Boehner, who seems likely to be re-elected to the speakership on Thursday, was unable to persuade a majority of his own caucus — or even his leadership team — to support the final product.

"What is so striking about the fiscal cliff drama is that polarization seems also to have undermined the capacity of legislative leaders themselves to bargain and compromise behind closed doors," writes Sarah Binder, a Congress watcher at the Brookings Institution.

Plenty Left Undone

What played out as a last-minute, catastrophe-averting holiday vote turns out just to be the opening act of a new season of drama.

The Congress that is sworn in on Thursday will almost immediately have to turn its attention to spending cuts. The deal passed on New Year's Day was largely about tax rates and postponed a decision on automatic spending cuts, known as sequestration, for two months.

Sequestration was set to cut defense by about 9 percent and most domestic discretionary spending (meaning programs other than entitlements) by about 8 percent. There will still be some cuts to agencies, but the big decisions on whether to let full-scale, across-the-board cuts go through — or tackle spending in some other manner — have been put off, if only for a short while.

Negotiations about spending cuts will proceed within the context of once again having to raise the nation's debt ceiling. That's the statutory limit on the amount the government can borrow, which already tops $16 trillion.

The Treasury Department said it hit that limit on Monday. It can do some creative reshuffling of accounts to keep government operations running normally for several more weeks, but Congress will soon have to raise the ceiling again, certainly by sometime in March.

Congressional Republicans — angry about increases in spending included in the tax deal passed Tuesday — are bound to repeat their demand that any increase in the debt ceiling be offset by an equivalent amount of spending cuts.

Obama has said he won't negotiate over raising the debt ceiling, which is a way of paying obligations that have already been incurred. But given the potential damage to the nation's credit rating and the economy, some Democrats sound skeptical about his resolve.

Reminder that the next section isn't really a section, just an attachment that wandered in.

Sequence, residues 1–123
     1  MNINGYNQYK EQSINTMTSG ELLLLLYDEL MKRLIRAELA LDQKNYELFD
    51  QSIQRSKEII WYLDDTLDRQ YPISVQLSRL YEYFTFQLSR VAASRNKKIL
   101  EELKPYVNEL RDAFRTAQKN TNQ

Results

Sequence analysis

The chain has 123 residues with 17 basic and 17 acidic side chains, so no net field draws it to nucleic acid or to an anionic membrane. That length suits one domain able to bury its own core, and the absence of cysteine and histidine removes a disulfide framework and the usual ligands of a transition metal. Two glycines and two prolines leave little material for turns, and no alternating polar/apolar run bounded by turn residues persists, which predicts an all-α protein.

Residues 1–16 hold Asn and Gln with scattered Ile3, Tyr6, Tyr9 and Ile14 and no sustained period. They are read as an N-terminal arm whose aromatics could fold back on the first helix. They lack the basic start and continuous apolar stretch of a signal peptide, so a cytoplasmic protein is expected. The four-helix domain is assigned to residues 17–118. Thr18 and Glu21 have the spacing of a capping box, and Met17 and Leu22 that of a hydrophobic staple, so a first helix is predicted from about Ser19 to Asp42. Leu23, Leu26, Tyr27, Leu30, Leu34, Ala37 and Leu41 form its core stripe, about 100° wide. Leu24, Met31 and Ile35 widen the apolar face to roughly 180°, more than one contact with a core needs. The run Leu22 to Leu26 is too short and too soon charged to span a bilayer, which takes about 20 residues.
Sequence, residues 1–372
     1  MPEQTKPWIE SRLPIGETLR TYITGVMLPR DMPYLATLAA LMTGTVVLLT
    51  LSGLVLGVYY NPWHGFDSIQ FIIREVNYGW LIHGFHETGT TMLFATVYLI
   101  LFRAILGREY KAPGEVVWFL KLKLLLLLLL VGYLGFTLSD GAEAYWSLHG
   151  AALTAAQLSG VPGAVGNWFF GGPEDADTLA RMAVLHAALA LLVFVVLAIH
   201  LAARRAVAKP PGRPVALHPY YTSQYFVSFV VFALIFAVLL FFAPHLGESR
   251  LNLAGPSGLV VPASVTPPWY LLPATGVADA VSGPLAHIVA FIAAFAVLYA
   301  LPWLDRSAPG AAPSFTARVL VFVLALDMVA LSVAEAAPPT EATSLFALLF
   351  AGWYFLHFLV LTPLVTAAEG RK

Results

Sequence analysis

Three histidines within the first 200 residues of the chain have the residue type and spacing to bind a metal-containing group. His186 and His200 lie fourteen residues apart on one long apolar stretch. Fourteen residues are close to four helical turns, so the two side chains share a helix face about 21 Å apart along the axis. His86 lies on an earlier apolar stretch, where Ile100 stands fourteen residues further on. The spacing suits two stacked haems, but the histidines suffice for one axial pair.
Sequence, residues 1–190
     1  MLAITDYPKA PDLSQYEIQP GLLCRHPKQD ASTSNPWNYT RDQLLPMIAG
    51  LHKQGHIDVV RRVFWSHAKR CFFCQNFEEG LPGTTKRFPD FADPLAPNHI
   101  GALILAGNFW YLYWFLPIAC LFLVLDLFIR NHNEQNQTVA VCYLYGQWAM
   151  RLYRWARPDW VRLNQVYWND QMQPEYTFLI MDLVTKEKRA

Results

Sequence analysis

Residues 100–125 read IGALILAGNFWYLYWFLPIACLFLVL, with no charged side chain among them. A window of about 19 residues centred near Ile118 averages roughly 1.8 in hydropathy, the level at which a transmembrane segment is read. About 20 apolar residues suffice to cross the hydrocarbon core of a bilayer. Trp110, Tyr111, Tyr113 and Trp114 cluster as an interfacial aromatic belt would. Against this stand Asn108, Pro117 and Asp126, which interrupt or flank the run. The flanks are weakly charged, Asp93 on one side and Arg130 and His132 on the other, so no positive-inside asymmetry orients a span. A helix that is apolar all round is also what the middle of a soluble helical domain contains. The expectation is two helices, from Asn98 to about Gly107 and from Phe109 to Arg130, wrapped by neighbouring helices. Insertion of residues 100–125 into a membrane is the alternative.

The Bottom Line For Taxpayers

For all the uncertainty, for most people the latest deal reaffirms the status quo. Income tax rates remain at the same levels they've been at for a dozen years on incomes under $450,000 per household.

Most people will be paying less than they would have if there had been no deal at all and the Bush-era tax cuts had expired. After-tax income will be higher by 3.5 percent on average, according to the Tax Policy Center.

And upper-middle-income taxpayers are now spared the annual ritual of waiting for Congress to "patch" the alternative minimum tax, which had threatened to increase taxes for millions of people.

But working Americans will be paying more in payroll taxes. Rates on such taxes, which are split between employers and employees on incomes up to $113,700, will revert to the usual 6.2 percent rate, after two years at 4.2 percent.

Those who are not working can breathe a sigh of relief. Unemployment benefits will be extended beyond the 26 weeks provided by states, through the whole of 2013.

If they had not been extended, 2 million people would have had their benefits cut off this week, according to the National Employment Law Project.

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Alan Greenblatt has been covering politics and government in Washington and around the country for 20 years. He came to NPR as a digital reporter in 2010, writing about a wide range of topics, including elections, housing economics, natural disasters and same-sex marriage.